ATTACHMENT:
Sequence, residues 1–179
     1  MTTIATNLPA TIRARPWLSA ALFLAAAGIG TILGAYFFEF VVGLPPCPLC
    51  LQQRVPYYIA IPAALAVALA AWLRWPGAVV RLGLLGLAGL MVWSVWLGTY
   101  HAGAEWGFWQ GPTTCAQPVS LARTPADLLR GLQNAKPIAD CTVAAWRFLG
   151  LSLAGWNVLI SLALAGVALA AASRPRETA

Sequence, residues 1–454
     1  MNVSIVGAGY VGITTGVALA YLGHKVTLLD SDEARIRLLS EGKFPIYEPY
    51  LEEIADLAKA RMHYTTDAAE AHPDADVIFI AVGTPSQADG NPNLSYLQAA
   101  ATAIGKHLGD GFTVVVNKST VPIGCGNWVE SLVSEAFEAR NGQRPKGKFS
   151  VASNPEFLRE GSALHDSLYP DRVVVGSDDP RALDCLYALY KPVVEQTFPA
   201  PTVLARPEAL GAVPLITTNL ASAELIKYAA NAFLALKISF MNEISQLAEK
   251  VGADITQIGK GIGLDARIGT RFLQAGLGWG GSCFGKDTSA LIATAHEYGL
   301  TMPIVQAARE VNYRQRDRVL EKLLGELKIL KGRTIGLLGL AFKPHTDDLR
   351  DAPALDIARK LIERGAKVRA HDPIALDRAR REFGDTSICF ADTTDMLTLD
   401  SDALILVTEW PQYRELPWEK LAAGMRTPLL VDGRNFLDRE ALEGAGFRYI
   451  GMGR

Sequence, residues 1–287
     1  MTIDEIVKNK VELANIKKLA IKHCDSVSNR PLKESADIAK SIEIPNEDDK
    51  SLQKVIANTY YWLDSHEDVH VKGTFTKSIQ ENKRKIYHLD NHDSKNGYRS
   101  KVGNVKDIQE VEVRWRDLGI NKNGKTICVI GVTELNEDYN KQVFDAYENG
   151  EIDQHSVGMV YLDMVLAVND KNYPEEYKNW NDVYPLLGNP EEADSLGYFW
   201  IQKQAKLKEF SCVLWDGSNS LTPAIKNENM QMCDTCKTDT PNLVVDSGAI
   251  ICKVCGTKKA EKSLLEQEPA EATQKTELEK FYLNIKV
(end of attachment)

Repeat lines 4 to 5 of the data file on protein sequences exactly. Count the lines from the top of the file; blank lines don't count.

   101  HAGAEWGFWQ GPTTCAQPVS LARTPADLLR GLQNAKPIAD CTVAAWRFLG
   151  LSLAGWNVLI SLALAGVALA AASRPRETA